Table 2
Plasma glucose, insulin, leucine and phenylalanine concentrations during basal, postabsorptive conditions and during the hyperinsulinemic-hyperaminoacidemic-euglycemic clamp procedure
Table 3
Plasma phenylalanine concentrations and enrichments and muscle free and protein-bound phenylalanine enrichments during basal, postabsorptive conditions and during the hyperinsulinemic-hyperaminoacidemic clamp in young and old men
Table 4
Plasma phenylalanine concentrations and enrichments and muscle free and protein-bound phenylalanine enrichments during basal, postabsorptive conditions and during the hyperinsulinemic-hyperaminoacidemic clamp in young and old women

Plasma myostatin and follistatin concentrations and muscle myoD, myostatin and follistatin gene expression

Plasma myostatin concentration was not different in men and women and was not affected by aging (Table (Table5).5). Plasma follistatin concentration was ~30% greater in old compared with young subjects but was not significantly different in men and women (Table (Table5).5). Muscle myoD, myostatin, and follistatin mRNA expressions were not affected by age or sex (Table (Table55).

Table 5
Plasma follistatin and myostatin concentrations and muscle myoD, myostatin, and follistatin gene expression in young and old men and women

Muscle protein synthesis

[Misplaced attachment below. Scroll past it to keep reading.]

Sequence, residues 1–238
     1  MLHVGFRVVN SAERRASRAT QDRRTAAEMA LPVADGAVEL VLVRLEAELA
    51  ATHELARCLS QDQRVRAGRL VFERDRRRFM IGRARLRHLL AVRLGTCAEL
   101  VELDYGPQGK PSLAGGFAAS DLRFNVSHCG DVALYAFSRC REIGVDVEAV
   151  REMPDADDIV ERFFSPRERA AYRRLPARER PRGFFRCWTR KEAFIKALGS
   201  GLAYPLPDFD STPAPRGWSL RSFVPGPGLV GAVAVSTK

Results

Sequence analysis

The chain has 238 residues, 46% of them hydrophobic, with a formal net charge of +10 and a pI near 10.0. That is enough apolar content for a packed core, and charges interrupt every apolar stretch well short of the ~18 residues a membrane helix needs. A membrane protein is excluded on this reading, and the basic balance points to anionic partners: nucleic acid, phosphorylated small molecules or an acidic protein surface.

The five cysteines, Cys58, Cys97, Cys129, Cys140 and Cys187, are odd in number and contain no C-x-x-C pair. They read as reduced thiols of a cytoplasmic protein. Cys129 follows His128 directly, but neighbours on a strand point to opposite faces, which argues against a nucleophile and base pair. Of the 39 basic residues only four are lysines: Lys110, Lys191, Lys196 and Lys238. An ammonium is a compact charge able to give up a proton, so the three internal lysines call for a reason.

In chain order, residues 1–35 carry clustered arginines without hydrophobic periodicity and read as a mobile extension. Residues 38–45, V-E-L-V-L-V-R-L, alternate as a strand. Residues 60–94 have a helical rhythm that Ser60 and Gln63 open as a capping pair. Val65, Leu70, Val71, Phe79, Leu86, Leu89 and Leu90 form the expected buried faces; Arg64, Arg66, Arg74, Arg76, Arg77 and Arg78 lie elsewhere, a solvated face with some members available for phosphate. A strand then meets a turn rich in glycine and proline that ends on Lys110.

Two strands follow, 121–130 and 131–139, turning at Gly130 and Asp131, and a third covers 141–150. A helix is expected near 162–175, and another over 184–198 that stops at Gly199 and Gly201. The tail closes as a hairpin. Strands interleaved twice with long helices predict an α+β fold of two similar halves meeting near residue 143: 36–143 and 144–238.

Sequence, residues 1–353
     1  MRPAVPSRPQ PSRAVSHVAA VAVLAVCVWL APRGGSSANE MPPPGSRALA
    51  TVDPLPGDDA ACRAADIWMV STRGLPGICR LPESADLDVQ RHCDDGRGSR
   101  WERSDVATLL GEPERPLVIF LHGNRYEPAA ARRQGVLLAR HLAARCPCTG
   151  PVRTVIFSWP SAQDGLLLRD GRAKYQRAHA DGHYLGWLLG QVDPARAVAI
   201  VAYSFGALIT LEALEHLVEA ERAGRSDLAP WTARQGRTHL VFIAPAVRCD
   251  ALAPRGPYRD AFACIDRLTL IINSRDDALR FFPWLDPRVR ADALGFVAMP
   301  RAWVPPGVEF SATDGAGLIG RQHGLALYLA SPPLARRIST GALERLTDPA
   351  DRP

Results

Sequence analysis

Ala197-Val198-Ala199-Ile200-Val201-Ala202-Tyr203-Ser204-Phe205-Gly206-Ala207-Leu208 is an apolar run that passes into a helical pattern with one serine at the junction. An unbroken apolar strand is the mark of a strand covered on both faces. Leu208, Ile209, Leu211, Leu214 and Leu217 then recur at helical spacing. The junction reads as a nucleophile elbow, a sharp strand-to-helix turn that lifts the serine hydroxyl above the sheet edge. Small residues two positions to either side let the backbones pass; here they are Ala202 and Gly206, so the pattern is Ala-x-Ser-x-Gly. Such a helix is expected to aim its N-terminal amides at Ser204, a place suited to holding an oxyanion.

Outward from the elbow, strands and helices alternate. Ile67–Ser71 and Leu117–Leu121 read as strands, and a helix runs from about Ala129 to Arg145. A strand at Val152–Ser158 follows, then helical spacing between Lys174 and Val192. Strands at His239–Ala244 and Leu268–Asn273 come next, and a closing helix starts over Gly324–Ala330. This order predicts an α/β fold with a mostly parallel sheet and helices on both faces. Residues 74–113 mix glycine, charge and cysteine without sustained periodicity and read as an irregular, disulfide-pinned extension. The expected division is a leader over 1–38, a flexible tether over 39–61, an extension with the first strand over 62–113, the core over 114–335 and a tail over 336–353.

The basal, postabsorptive muscle protein FSR was not different in young and old men and young women (0.040 ± 0.004, 0.043 ± 0.005, and 0.046 ± 0.004%·h-1, respectively) but was ~30% greater in old women (0.060 ± 0.003%·h-1) than in young and old men and young women (Figure (Figure1,1, top panel and Figure Figure2;2; P < 0.05). Combined insulin, glucose and amino acid infusion significantly increased the muscle protein FSR both in young and old men but the increase was ~60% less in the old men (P < 0.05); consequently, the muscle protein FSR during the clamp was significantly greater (P < 0.01) in young than in old men (Figure (Figure2,2, top panel). Combined insulin, glucose and amino acid infusion also significantly increased the muscle protein FSR in young (P < 0.01) but not in old women; consequently, the muscle protein FSR during the clamp was not different between young and old women (Figure (Figure2,2, bottom panel). Overall, the anabolic response (increase in muscle protein FSR above basal values) was greater in young than old subjects but was not different in young men and young women and not different in old men and old women (Figure (Figure1,1, bottom panel).